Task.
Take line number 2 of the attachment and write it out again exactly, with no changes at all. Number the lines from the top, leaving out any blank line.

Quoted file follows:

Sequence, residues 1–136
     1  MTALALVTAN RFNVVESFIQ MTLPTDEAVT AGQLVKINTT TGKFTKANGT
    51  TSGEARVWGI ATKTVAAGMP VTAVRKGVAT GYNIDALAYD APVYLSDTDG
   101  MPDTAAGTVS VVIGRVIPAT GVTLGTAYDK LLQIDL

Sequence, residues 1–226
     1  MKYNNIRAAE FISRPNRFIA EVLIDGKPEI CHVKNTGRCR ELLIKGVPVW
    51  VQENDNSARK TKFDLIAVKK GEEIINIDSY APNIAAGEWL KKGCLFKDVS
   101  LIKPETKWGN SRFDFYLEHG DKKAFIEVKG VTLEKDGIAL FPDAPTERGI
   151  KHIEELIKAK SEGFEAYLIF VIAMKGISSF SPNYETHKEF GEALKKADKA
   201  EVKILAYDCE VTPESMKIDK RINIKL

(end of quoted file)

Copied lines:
     1  MTALALVTAN RFNVVESFIQ MTLPTDEAVT AGQLVKINTT TGKFTKANGT